LECTURER COMPENSATION, JOB COMMITMENT AND GOAL ACHIEVEMENT IN STATE COLLEGES OF EDUCATION, NORTH-CENTRAL NIGERIA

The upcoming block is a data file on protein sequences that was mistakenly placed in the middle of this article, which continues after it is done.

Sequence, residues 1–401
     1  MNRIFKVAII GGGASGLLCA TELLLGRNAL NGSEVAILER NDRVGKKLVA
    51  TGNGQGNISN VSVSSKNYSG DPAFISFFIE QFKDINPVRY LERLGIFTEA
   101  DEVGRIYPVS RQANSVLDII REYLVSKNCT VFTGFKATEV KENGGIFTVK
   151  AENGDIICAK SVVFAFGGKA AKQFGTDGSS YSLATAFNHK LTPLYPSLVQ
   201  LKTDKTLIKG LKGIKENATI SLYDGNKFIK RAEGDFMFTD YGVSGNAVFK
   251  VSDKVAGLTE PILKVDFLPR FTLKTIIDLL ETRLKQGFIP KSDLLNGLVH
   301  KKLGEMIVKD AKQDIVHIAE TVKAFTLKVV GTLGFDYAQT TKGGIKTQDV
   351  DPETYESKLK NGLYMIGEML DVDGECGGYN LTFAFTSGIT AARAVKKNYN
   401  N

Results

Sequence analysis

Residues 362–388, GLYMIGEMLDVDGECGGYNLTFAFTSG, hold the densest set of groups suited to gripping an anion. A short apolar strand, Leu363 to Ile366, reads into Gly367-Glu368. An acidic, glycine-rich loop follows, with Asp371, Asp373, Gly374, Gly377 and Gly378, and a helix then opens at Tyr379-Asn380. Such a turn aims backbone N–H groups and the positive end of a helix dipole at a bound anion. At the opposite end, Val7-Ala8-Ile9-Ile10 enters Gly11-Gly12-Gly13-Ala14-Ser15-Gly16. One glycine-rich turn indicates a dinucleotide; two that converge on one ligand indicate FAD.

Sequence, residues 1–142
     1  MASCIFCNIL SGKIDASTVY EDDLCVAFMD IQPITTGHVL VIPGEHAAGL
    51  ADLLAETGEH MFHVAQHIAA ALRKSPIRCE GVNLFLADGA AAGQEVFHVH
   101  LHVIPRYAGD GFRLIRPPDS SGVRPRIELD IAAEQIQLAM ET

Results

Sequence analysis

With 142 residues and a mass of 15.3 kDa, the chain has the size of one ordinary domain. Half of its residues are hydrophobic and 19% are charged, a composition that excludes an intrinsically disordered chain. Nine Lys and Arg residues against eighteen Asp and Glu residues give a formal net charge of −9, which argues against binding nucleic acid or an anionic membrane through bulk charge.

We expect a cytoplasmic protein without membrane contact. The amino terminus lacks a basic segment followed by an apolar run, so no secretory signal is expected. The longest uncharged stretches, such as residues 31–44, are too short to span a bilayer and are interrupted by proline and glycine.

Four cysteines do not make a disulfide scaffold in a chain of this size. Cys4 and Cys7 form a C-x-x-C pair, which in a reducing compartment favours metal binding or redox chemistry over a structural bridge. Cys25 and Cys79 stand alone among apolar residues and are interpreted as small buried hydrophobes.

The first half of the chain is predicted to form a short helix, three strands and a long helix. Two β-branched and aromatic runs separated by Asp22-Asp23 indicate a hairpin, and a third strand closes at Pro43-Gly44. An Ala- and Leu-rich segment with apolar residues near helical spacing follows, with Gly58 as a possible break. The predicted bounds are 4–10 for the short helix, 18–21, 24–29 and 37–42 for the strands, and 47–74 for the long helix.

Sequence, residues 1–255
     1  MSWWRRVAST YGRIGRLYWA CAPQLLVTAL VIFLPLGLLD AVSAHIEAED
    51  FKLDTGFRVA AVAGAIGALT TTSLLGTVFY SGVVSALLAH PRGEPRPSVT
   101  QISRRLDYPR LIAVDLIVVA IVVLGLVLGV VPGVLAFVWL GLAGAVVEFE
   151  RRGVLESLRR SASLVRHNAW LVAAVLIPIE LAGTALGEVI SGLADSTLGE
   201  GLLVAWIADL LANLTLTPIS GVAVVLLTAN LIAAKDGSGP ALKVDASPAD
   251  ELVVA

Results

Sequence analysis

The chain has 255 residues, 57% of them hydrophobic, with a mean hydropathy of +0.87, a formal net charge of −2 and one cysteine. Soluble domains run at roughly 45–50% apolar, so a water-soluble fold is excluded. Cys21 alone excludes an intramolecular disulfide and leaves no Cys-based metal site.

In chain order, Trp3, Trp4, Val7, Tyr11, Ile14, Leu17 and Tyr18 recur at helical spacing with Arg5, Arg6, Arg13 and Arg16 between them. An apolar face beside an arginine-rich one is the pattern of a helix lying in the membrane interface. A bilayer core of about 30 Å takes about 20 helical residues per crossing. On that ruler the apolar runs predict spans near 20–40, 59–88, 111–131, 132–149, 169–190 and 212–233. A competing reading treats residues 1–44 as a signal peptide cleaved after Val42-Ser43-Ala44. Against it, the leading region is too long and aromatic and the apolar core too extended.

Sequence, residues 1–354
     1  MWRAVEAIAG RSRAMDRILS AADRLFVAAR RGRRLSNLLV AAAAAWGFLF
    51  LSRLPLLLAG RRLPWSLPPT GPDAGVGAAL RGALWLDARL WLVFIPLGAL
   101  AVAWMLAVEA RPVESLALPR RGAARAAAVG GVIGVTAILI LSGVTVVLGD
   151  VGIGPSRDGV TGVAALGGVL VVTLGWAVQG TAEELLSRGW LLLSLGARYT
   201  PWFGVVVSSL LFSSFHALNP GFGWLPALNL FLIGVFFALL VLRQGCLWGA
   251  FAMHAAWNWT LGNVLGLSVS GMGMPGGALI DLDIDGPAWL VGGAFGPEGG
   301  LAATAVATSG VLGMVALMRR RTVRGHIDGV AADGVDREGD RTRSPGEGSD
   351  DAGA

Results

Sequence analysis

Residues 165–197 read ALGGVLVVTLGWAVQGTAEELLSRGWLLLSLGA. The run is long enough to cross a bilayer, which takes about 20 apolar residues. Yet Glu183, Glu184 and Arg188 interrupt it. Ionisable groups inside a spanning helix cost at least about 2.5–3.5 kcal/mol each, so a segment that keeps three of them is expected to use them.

Compensation of lecturers which serves as a basis for their job commitment and consequently leads to goal achievement of the State Colleges of Education, North-central Nigeria has been found to be at the low ebb. Hence, this study examined lecturer compensation, job commitment and goal achievement in the State Colleges of Education, North-central Nigeria. The objectives of the study were to: (i) investigate the level of compensation provided to the lecturers; (ii) assess the level of lecturers’ commitment to the job; (iii) determine the level of goal achievement; and (iv) examine the relationship between salary and lecturers’ job commitment. The study adopted a descriptive research design of correlation type. The population of the study comprised 2,015 lecturers in all the 10 State Colleges of Education, 2,602 Principals and 13,643 Head Teachers in all the public Basic Schools respectively in North-central Nigeria. Random sampling technique was used to select three (Kwara, Kogi and Niger) out of the seven states in the Geopolitical Zone while purposive sampling technique was used to select all the six State Colleges of Education in the sampled states. Proportional sampling technique was used to select 289 out of the 1,144 in the selected Colleges of Education, 299 out of the 1,331 Principals and 363 out of the 6,589 head teachers of basic schools in the selected states. Lecturer Compensation Questionnaire (LCQ), Job Commitment Questionnaire (JCQ) and Goal Achievement Questionnaire (GAQ) were used to collect data for the study. The LCQ, JCQ and GAQ were validated with reliability coefficients of 0.72, 0.78 and 0.90 respectively. Of the 951 copies of the questionnaire administered, 777 were completed and used for analysis. Mean, Standard Deviation and Pearson Product Moment Correlation Coefficient (PPMCC) were used to analyse the data at 0.05 level of significance. The benchmark (mean scores) for determining the level of lecturer compensation, job commitment and goal achievement was 1.00-2.44, low; 2.45-3.44, average; 3.45-4.44, high and 4.45-5.00, very high. The findings of the study were that: i. the level of compensation provided to lecturers was low (X ̅ = 2.12); ii. the level of lecturers’ commitment to the job was average (X ̅ = 2.68); iii. the level of goal achievement was average (X ̅ = 2.55); and iv. there was a significant relationship between salary and lecturers’ job commitment (r = .586, p<0.05). The study concluded that adequate compensation contributes to the enhancement of lecturers’ job commitment which would consequently facilitate actualisation of institutional goals in the State Colleges of Education, North-central Nigeria. The implication of the study is that if lecturers are well compensated, it would enhance their job commitment and consequently lead to goal achievement. The study recommended that state governments should intensify their efforts by paying more attention to lecturer compensation through the prompt and adequate payment of salary, timely promotion, provision of affordable health services and improved training opportunities.